When a Sheriff endorses popular revolt against “tyrannical government,” dismisses the Black Lives Matter movement as a “mob” and refers to Texas as “our Republic” (something it hasn’t been for 176 years) you get a pretty good idea where he is coming from. 

In another post, White shared a meme arguing that “the number of hunters in the state of Texas would be the largest standing army in the world by itself.”  For this reason, the shared article asserted, “America will forever be safe from foreign (and domestic) invasion with that kind of home-grown firepower.”  Hunting, therefore “isn’t just a way to fill the freezer.  It’s a matter of national security.  That’s why all enemies, foreign and domestic, want to see us disarmed.”



In places like Milam County, the Texas nationalist movement walks hand-in-hand with White Christian Nationalism.  The basic idea is that America is a nation uniquely chosen by God.  The US Constitution takes on a biblical authority because “the framers” were being guided by Judeo-Christian principles whether or not they identified as orthodox Christians. 

Christian nationalism appeals primarily to White people because, like Texas nationalism, it ignores the inconvenient details of America’s racial history.  The centuries-long massacre of the native population may have been regrettable, but it was unavoidable.  Similarly, slavery and Jim Crow segregation are treated as historical footnotes not worthy of serious consideration.  Racism is viewed as a spiritual problem that would disappear if everyone just “gave their hearts to Jesus”.

White Christian nationalism is a standard feature of the preaching Chris White has been exposed to since moving to Cameron, Texas in 2002.  His pastor, Brother Wayne Kirk, preaches from The American Patriot’s Bible, a Christian nationalist publication which, according to Greg Boyd’s review in Christianity Today, attaches divine authority to “an idealized version of American history” by “weaving it into the biblical narrative.”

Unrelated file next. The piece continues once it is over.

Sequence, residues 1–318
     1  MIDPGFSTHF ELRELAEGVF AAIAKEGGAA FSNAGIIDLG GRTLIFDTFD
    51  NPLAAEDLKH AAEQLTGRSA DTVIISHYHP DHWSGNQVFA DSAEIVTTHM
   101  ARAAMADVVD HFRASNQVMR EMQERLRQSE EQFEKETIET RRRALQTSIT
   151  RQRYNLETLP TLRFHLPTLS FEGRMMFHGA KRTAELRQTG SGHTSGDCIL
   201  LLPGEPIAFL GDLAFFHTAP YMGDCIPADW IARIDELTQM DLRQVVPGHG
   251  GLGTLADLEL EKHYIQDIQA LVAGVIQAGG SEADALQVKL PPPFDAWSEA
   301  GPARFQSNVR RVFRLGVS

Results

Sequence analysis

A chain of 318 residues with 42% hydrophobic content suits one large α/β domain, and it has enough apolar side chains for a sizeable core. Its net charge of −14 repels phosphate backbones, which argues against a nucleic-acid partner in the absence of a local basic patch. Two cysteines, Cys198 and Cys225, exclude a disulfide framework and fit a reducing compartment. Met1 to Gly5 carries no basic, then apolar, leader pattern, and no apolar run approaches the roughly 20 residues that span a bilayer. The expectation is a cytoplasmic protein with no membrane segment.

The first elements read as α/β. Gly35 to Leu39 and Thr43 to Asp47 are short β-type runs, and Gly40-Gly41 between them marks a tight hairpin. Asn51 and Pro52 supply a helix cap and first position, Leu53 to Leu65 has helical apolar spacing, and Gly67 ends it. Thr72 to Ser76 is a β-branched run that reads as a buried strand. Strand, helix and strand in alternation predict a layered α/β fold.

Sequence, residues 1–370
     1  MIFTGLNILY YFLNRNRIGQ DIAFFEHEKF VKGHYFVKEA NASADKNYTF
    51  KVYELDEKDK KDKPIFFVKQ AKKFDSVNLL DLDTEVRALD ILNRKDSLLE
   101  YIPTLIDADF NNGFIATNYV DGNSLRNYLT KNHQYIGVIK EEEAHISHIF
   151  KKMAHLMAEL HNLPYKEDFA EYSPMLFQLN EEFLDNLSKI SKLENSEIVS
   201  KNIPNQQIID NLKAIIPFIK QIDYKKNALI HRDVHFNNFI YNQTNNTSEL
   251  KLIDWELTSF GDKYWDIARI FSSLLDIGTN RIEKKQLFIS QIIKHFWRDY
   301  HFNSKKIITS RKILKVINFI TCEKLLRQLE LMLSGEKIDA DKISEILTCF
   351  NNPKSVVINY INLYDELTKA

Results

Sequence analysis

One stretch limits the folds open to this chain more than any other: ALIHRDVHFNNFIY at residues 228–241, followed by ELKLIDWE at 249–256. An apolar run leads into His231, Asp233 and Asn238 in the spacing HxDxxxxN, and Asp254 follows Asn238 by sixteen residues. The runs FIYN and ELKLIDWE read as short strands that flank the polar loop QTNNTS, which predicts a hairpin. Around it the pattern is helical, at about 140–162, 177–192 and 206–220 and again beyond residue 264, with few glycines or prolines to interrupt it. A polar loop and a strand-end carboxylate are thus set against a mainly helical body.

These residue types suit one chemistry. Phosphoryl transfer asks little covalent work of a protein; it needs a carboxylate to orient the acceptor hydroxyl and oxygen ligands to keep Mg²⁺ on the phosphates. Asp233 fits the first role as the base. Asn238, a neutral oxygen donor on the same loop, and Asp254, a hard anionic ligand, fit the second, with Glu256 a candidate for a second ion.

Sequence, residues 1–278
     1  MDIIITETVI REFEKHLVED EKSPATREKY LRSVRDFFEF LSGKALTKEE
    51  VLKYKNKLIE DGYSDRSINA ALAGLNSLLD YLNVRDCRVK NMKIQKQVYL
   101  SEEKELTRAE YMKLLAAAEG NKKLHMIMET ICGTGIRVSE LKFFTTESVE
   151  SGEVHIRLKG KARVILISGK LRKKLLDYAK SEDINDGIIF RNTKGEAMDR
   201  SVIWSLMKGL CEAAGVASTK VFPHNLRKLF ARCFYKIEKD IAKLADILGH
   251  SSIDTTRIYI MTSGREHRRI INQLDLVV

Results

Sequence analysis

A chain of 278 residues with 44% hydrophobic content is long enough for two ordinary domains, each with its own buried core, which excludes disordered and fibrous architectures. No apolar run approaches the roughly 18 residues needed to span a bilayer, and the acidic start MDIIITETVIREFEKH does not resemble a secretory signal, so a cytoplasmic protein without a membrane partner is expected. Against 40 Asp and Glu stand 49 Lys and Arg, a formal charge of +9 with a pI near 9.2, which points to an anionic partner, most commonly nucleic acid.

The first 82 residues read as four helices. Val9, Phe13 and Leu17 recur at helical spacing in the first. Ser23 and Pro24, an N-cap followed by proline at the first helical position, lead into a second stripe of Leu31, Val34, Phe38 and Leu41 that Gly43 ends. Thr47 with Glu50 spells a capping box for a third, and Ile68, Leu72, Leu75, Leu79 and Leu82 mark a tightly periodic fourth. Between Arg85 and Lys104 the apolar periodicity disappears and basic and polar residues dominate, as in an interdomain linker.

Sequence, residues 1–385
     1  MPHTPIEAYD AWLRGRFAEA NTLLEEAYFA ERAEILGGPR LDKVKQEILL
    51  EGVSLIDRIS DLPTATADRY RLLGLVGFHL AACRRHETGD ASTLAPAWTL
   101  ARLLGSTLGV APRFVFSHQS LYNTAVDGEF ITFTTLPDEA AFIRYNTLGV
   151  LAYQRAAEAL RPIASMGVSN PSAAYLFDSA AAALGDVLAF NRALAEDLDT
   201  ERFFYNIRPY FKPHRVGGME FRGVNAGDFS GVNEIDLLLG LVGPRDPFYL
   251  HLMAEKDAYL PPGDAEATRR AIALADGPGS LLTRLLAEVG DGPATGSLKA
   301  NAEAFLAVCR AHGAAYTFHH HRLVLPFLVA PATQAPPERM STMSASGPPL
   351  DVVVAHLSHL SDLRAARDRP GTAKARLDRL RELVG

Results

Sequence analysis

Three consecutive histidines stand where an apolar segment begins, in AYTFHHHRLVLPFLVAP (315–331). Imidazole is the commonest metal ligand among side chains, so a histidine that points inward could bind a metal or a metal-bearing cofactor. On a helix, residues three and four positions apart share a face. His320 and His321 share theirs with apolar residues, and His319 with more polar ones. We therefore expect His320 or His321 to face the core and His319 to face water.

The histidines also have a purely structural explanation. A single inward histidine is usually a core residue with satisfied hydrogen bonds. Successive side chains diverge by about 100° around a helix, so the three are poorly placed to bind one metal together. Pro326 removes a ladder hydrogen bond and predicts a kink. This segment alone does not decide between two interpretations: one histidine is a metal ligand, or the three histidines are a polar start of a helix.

“As God fought on the side of the Israelites to ensure victory over their foes,” Boyd’s review continues, “so God’s providential hand was at work in all of America’s military victories. And just as God used the children of Abraham to bless the whole world, so God has used, and wants to continue to use, America to bless the entire world by bringing it freedom.”

On August 22, 2020, Brother Wayne rallied the troops in advance of the presidential election.  Red, white and blue bunting adorned the altar.  A sign proclaimed that “If we ever forget that we are one nation under God then we will be a nation gone under.”

 It was two months after the murder of George Floyd and Black Lives Matter protests were still erupting across the nation.

 “Well, we’ve been blowing the trumpet for four weeks now, blowing the trumpet, standing on the wall,” Brother Wayne told his flock. “You know why?  Because the enemy’s on the march, beloved . . . The walls of freedom and decency and morality are being stormed in a way in America that’s unprecedented . . . And we, God’s people, must be willing to stem the tide of immorality and ungodliness and rebellion and anarchy in this nation . . . We don’t have a lot of time.  What, less than a hundred days now to the election.”

Next, Brother Wayne tackled the fraught subject of abortion, decrying the mass slaughter of infants since the Roe v. Wade decision in 1973.  (He didn’t tell his people that the abortion rate is currently lower than it was prior to that court decision.)  Instead, he suggested that the folks in Cameron’s two retirement communities would soon be slaughtered by the government so money could be freed up for “the green new deal.”

Next, the preacher inveighed against gay marriage.  It was being “promoted in our schools,” he declared, because “they want to sound the death knell of the biblical family in America and our children and our grandchildren are the targets of their big guns.”